Prevalence of Metabolic Syndrome in Patients With Intermittent Claudication
Metabolic syndrome, a group of cardiovascular risk factors related to insulin resistance, is a major determinant of cardiovascular mortality.
Intermittent claudication is a symptom of an early stage of atherosclerosis.
The aim of this study is to determine the prevalence of the metabolic syndrome in patients with intermittent claudication and its correlation with age, gender, localization of arterial obstruction and association with coronary artery disease.
Metabolic Syndrome X
|Study Design:||Observational Model: Case-Only
Time Perspective: Prospective
|Official Title:||Prevalence of Metabolic Syndrome in Patients With Intermittent Claudication|
- Presence of metabolic syndrome in patients with intermittent claudication [ Time Frame: After laboratory exams results. ]
- Correlation of metabolic syndrome with age, sex, localization of the arterial obstruction and the association with symptomatic coronary artery disease. [ Time Frame: At the end of data collection ]
|Study Start Date:||May 2009|
|Study Completion Date:||July 2009|
|Primary Completion Date:||July 2009 (Final data collection date for primary outcome measure)|
Intermittent claudication patients
Patients with intermittent claudication with metabolic syndrome and patients with intermittent claudication without metabolic syndrome.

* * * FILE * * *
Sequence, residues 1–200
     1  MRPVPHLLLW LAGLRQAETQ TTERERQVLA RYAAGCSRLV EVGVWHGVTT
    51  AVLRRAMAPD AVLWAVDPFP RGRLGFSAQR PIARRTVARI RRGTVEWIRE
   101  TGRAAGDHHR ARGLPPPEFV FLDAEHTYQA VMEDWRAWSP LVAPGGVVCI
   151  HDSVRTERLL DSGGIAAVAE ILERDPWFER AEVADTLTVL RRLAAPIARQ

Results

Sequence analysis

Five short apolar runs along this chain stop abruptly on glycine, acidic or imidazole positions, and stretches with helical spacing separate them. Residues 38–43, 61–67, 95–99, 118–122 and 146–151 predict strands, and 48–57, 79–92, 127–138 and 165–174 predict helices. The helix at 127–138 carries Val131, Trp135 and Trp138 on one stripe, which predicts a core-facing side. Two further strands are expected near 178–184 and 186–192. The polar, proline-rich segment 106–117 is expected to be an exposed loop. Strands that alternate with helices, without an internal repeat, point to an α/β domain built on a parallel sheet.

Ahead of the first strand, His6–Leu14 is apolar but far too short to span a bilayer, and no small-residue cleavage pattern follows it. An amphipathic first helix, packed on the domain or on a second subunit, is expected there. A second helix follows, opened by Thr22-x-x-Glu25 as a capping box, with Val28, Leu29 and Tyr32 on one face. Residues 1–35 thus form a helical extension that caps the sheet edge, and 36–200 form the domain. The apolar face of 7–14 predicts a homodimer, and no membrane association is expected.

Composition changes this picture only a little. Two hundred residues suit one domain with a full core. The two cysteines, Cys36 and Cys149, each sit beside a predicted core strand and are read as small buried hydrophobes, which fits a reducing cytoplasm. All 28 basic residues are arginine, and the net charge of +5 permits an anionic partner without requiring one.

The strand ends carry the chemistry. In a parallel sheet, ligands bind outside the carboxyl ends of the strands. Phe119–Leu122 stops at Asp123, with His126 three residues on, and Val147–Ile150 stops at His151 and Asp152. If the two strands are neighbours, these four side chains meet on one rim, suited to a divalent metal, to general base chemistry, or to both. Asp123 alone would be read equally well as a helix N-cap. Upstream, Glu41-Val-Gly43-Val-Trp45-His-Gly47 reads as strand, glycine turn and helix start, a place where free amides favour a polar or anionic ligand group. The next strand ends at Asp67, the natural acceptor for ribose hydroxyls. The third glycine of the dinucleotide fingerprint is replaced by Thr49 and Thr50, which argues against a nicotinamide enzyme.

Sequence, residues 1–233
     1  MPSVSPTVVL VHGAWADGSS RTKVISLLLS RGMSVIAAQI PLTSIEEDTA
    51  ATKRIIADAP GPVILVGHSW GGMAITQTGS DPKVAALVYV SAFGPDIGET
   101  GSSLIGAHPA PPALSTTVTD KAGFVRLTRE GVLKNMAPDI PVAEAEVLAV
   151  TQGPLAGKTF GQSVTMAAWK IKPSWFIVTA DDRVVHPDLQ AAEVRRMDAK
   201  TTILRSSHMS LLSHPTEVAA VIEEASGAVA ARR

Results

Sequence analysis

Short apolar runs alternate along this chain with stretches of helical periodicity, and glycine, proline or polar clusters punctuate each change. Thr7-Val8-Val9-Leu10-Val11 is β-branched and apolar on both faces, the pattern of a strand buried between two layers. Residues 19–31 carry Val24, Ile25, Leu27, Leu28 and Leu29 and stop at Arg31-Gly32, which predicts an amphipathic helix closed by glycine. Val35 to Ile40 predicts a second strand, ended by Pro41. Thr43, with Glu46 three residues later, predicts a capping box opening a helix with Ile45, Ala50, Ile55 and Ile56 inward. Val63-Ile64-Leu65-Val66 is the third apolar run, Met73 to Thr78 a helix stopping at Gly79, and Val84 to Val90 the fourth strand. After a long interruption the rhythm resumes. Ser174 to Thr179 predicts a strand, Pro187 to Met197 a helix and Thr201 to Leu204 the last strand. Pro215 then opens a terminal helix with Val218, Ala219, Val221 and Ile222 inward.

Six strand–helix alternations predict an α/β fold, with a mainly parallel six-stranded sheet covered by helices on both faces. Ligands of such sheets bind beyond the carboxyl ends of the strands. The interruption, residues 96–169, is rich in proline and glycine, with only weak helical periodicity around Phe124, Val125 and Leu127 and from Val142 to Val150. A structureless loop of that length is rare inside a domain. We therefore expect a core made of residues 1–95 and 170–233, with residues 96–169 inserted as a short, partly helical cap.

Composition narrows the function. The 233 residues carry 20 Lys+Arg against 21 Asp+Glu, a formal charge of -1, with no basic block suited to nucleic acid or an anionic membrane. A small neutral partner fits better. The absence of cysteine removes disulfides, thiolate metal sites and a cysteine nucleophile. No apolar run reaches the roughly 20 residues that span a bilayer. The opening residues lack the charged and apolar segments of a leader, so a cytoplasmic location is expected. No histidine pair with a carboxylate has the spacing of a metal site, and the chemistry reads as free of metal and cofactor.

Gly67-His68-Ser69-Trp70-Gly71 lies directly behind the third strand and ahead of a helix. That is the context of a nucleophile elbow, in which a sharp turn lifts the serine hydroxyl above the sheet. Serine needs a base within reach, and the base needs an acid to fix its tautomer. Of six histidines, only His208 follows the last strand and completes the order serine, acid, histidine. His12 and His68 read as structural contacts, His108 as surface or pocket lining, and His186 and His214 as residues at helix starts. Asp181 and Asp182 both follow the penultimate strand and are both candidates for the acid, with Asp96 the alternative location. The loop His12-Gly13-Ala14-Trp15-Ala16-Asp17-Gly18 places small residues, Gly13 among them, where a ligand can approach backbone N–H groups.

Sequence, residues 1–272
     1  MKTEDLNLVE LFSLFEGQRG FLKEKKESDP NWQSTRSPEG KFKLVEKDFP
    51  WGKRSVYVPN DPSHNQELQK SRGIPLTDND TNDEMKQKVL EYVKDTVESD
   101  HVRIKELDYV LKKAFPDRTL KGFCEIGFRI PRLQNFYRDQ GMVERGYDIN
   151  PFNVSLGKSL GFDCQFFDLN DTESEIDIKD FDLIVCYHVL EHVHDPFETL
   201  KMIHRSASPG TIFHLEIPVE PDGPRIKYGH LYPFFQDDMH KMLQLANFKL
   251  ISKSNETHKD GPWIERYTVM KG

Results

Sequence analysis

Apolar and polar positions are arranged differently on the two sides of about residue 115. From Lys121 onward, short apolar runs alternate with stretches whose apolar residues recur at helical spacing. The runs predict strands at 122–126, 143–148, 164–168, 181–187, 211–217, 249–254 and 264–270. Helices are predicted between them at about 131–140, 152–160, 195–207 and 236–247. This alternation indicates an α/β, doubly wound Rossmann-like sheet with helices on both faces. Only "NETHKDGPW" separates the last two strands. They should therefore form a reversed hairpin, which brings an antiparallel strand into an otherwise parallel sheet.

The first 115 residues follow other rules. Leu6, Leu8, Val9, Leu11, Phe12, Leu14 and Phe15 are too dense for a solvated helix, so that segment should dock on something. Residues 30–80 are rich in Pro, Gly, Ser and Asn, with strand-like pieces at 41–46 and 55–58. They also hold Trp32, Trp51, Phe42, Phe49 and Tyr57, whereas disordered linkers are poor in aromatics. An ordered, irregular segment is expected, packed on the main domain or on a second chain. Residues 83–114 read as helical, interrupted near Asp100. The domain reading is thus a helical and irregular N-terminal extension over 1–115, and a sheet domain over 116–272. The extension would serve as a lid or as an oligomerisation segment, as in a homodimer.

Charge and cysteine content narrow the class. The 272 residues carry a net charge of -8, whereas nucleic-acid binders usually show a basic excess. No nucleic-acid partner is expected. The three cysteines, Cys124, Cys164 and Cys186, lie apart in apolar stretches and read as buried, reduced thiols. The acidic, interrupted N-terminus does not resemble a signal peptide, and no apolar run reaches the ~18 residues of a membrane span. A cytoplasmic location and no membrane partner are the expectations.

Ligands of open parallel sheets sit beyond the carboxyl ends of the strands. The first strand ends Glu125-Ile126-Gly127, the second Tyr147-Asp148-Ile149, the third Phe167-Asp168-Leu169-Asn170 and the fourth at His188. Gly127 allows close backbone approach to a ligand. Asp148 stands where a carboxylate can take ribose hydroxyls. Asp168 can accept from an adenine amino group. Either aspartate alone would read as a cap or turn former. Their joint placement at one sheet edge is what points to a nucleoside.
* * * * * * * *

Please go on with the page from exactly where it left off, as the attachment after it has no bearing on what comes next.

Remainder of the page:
Studies correlating metabolic syndrome and several illnesses are being published, especially affections associated with atherosclerosis, like coronary artery disease, cerebrovascular disease and peripheral arterial disease.
The term peripheral arterial disease, however, refers to several stages of the development of atherosclerosis in the extremities, comprising since asymptomatic patients as far as individuals with critical ischemia.
Intermittent claudication is a symptom of an early stage of atherosclerosis, when medical interventions may still prevent the progression of the disease. Despite the importance of a precocious diagnosis of metabolic syndrome to initiate adequate treatment, its prevalence among these patients is not well determined in the literature.
This is the biggest casuistic in the literature as far as we know.
Please refer to this study by its ClinicalTrials.gov identifier: NCT00946868
|Hospital das Clinicas da Faculdade de Medicina da Universidade de Sao Paulo|
|Sao Paulo, SP, Brazil, 05403 000|
|Principal Investigator:||Nelson Wolosker, PhD||University of Sao Paulo|
|Study Chair:||Pedro P Leao, PhD||University of Sao Paulo|